You now have a complete arc’s’ worth of pages from artist Scott Hepburn. What does his style bring to the story you’re telling? What can you tell us about how you work together?
Scott is fantastic. It took a year to find the right illustrator for “Orchid.” Some of the biggest names of comics illustrators threw their hats in the ring. I found out that the creative team of putting together a comic is not dissimilar to a rock band, in that it’s not just who’s the best, technically-adept drummer, it’s the chemistry you have together that both makes it enjoyable and makes the best final product. When Scott and I first connected, it was immediate, I knew he was the right guy. The first thing he did was send over sketches of his ideas for Orchid and Anzio, I thought they looked fantastic — they weren’t just how I imagined the characters, his sketches improved upon how I saw the characters. And he, of course, is a veteran of comic illustration, the “Star Wars” series — he’s a great cinematographer, in a way, and that helps me as a first-time writer. I have a million ideas, but reining them in, to go panel by panel, issue by issue, Scott was tremendously helpful.
You’re also offering a download of new music with each issue. How do you feel that’s complemented the comic or fits in with your own creative process?
Much like the story itself, the music unfolds over twelve issues, and the idea was to have a musical score for “Orchid.” I’ve done extensive amounts of scoring for films, and I like the idea of doing a musical score for a comic. So I’m able to use that skill set in the realm of “Orchid.” It’s really fun.
It also helps build a bridge between fans of my music who may never have bought a comic — it’s maybe the spoonful of sugar to help introduce them to the world of “Orchid.” It’s also for comic book fans who might not be familiar with Rage Against the Machine or Audioslave or the Night Watchman, it gives a fuller picture of who I am as an artist.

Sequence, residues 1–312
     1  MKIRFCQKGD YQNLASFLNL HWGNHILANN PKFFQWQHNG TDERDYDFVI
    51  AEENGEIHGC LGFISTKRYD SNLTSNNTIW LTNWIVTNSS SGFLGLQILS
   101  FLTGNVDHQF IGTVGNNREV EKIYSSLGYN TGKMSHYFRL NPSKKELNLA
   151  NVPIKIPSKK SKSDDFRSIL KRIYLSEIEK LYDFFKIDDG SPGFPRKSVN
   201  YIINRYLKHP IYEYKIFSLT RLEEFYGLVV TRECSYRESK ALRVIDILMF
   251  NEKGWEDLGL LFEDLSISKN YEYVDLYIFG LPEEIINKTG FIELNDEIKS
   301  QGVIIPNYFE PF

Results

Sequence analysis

Great. So what can you tell us about the series’ second arc, beginning in this week’s #5?
Over the course of the twelve issues, it’s a story that begins in a very small way, in the backwater [community] of the bridge people, with small family dramas, the hopes and desires of the misfits. In the second arc, it begins branching out pretty tremendously, to the wider world and the struggle for power in that world between contending forces. We lose some major characters, major characters are introduced, and it’s all ramping up toward the final arc, where the personal politics of the first arc are played out on a more global scale.
Now that you’ve started working in comics, are thinking about a follow-up for after “Orchid?”
I have no plans right now. The reason I’m doing “Orchid” is, I have a story to tell. I have a passionate commitment to this tale and these characters. I have no plans beyond that. I love doing this, though, I’ll tell you that. This is not a story that I farm out to anybody — every T is crossed and every I is dotted by me. I oversee every aspect of it, from the advertising to the mastering of the songs… I’m very proud of it, I take it very, very personally, and I’m all in for “Orchid.” But I don’t have any plans. We’ll see at the end of this, where the world of “Orchid” stands. If I were to do anything else beyond “Orchid,” it would be in the same world.
[I want to give my] thanks to the fans and readers. As someone who was an avid collector in my youth and has returned to it in the last ten years or so, it’s awesome to be in this comics world. It’s so trippy to spend time at the conventions and stuff, to immerse myself in the wonderful and crazy world of comics!
Tom Morello’s “Orchid” #5 is on sale now.